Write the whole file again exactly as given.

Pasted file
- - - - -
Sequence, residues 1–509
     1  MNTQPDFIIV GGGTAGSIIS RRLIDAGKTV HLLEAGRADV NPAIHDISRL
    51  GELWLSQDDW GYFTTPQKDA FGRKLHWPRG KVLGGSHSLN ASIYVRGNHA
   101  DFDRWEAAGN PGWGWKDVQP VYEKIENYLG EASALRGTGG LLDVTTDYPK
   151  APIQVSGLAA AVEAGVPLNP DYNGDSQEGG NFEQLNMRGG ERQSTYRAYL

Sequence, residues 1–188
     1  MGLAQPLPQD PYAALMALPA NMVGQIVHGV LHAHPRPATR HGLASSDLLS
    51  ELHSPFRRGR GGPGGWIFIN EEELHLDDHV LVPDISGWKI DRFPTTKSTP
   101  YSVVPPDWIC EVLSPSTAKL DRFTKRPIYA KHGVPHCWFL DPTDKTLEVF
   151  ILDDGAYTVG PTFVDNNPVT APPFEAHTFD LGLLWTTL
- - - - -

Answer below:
Sequence, residues 1–509
     1  MNTQPDFIIV GGGTAGSIIS RRLIDAGKTV HLLEAGRADV NPAIHDISRL
    51  GELWLSQDDW GYFTTPQKDA FGRKLHWPRG KVLGGSHSLN ASIYVRGNHA
   101  DFDRWEAAGN PGWGWKDVQP VYEKIENYLG EASALRGTGG LLDVTTDYPK
   151  APIQVSGLAA AVEAGVPLNP DYNGDSQEGG NFEQLNMRGG ERQSTYRAYL

Sequence, residues 1–188
     1  MGLAQPLPQD PYAALMALPA NMVGQIVHGV LHAHPRPATR HGLASSDLLS
    51  ELHSPFRRGR GGPGGWIFIN EEELHLDDHV LVPDISGWKI DRFPTTKSTP
   101  YSVVPPDWIC EVLSPSTAKL DRFTKRPIYA KHGVPHCWFL DPTDKTLEVF
   151  ILDDGAYTVG PTFVDNNPVT APPFEAHTFD LGLLWTTL